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So, everyone is talking about how thin Matthew McConaughey and Jared Leto got for ‘Dallas Buyers Club’. Having won a double pass to see the film I took myself and a friend to the Palace Westgarth yesterday to see for myself whether there was more to this film than that everyone was really thin. We chose the Westgarth for two reasons. Firstly we hadn’t been there for a while, and secondly, because it a beautifully restored Art Deco era cinema in the lovely suburb of Northcote.

Dallas Buyers Club: Dare to Live

Dallas Buyers Club: Dare to Live

The film is, according to the poster, inspired by the life of Ron Woodroof, a Dallas electrician who is diagnosed with HIV and AIDS in 1985. Ron wakes up in hospital and is given 30 days to live, and true to his bullheaded personality, he decides that dying is not in his schedule. From there we follow him as he sources medication from outside the US to treat himself and fellow HIV/AIDS sufferers, distributing them through the Dallas Buyers Club, and in the process becomes somewhat of an accidental activist.

It has to be said that the most noticeable feature of the film is McConaughey and Leto’s weight loss. It’s impossible to look at either of them without thinking they look unwell. There are numerous shots put into the film specifically to emphasise the point; thin legs under hospital gowns, protruding ribs, gaunt faces, and ill-fitting clothes. I have a lot of respect for the physical transformations that these two actors underwent, I’m not sure I could manage to stick to something like that.

In the beginning of the film, I didn’t like Ron. He’s racist, homophobic, sexist, a swindler and a generally unpleasant man. Through the course of the film we watch as Ron comes to terms with his own mortality, we watch him struggle to educate himself on what it means to have HIV/AIDS, to research treatments and to aggressively pursue every avenue he can to get himself more life. We also watch as he overcomes some of his prejudices to become good friends with Rayon (Leto), along with a number of gay men and other HIV/AIDS sufferers. By the end of the film we see the good in Ron, the humanity, the care. He becomes that big brother who will call you all sorts of names, who will bully and boss you around, but if anyone else tries it, he will defend you with everything he’s got. McConaughey skilfully portrays the conflict between Ron’s fear, sadness, despair and grief, and his inability to express any of it. Ron deals with difficult emotions by drinking, then crying; raw, ugly, uncomfortable, vulnerable crying. It’s definitely one McConaughey’s strongest and deepest performances.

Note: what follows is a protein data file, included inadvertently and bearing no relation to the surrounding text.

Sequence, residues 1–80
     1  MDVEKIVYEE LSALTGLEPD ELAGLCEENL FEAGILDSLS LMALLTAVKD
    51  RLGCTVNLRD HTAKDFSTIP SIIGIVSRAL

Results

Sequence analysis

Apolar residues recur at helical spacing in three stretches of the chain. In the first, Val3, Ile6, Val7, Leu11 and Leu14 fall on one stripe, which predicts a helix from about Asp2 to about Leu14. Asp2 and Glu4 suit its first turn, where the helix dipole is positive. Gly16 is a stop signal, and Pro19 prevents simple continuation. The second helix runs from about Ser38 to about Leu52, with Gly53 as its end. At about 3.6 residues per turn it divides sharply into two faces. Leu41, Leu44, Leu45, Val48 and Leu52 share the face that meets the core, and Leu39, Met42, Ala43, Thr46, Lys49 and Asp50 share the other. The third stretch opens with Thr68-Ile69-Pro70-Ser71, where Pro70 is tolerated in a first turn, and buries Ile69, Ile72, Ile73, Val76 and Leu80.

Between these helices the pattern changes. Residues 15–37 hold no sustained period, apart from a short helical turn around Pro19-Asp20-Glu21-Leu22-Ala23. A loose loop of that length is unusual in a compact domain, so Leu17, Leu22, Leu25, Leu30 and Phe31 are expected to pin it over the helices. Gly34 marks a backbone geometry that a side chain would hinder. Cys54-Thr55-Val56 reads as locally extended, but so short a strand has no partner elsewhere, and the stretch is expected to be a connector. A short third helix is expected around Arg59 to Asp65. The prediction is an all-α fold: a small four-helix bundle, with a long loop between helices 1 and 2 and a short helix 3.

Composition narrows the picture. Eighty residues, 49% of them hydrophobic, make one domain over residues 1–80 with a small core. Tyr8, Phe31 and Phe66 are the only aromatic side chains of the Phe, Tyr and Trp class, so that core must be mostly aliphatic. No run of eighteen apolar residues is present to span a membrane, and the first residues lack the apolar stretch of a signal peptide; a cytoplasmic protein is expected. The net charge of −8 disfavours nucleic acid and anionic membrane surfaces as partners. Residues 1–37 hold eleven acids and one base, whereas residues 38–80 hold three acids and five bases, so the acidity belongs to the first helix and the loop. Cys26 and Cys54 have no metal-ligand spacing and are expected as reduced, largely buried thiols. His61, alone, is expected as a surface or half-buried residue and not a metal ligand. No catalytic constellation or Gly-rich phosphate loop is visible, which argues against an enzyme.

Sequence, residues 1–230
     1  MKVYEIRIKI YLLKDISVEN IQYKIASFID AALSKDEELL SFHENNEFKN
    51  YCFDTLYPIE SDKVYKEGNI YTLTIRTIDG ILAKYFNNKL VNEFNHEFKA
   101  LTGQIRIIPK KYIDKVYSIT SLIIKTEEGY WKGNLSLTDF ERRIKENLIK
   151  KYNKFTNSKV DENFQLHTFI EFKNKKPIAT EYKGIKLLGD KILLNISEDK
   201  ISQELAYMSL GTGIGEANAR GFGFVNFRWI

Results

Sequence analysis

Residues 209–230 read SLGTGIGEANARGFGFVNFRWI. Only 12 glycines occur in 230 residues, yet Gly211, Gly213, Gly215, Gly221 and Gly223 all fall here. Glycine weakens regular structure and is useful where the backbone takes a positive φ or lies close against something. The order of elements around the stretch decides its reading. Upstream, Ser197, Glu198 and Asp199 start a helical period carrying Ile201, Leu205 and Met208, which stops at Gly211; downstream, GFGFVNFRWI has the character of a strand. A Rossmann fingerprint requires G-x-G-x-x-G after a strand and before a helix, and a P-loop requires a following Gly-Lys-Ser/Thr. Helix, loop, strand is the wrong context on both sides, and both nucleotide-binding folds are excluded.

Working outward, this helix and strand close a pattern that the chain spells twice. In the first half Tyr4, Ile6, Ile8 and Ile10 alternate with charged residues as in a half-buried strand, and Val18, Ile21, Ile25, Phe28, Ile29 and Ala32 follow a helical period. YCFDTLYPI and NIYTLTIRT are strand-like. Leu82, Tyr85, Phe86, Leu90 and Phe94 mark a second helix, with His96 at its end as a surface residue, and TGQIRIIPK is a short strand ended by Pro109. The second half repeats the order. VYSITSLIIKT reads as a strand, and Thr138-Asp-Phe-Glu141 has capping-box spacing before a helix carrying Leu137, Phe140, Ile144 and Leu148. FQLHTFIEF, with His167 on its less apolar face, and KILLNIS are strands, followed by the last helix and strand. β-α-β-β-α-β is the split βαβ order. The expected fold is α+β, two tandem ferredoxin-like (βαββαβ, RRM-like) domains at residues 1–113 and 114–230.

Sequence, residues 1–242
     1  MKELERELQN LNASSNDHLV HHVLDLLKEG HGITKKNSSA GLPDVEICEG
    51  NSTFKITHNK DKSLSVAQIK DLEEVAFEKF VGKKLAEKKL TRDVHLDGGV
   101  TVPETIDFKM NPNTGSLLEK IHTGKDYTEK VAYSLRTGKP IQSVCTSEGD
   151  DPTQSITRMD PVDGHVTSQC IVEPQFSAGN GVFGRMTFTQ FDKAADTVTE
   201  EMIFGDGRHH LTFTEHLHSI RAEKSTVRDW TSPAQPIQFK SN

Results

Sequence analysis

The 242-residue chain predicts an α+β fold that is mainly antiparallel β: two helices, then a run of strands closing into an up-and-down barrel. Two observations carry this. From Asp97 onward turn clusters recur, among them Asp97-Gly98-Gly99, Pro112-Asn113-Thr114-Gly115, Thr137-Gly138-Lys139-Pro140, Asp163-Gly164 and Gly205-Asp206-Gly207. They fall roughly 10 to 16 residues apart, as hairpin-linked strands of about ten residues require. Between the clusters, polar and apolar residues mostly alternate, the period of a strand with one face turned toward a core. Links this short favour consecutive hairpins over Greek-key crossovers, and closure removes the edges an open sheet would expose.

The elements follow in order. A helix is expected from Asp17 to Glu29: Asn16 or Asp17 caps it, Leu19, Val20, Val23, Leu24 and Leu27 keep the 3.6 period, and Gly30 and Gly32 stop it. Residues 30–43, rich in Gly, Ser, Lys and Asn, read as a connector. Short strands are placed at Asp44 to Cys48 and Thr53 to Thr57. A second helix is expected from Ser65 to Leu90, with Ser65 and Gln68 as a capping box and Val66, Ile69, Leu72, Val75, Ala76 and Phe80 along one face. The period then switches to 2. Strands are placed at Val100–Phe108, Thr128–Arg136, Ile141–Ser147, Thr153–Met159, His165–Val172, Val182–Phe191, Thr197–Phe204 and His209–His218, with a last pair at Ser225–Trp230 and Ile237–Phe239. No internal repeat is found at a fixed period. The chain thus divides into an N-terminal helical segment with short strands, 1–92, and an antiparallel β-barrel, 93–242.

Still: Ron and Rayon talk business.

Still: Ron and Rayon talk business.

Jared Leto, as Rayon, Ron’s unlikely business partner, and Jennifer Garner, as Dr. Eve Saks, one of the only American doctors Ron trusts, and as his unrealised love interest, play off each other and McConaughey to create a believable and layered world for Ron to inhabit.

I’m not usually a bio-pic watcher, and as such perhaps I came in with unrealistic expectations. There was something about the film that left me feeling a bit flat. The ending, predictably, is that Ron Woodroof dies. Undoubtedly, he was a fascinating man, and the story of HIV/AIDS sufferers and their struggle to get access to drugs they needed to survive around various FDA (Food and Drug Administration) restrictions is a story that needs to be told, but it just felt unresolved somehow. I suspect this is more to do with the script (Melissa Wallack and Craig Borten) than with the performances.

The director, Jean-Marc Vallee, is Quebecois and has several films under his belt, according to IMDb, but I’m not familiar with any of them. ‘Dallas Buyers Club’ was realised effectively, the acting performances were subtle and emotionally fragile, and in this respect it is clear the Vallee has done a good job releasing the strong performances from his cast and crew.

Overall, while well produced and acted, the film is not particularly memorable; it had all of the required elements, but seems to have fallen a short of excellent. I’m giving it 3.5 out of 5 stars.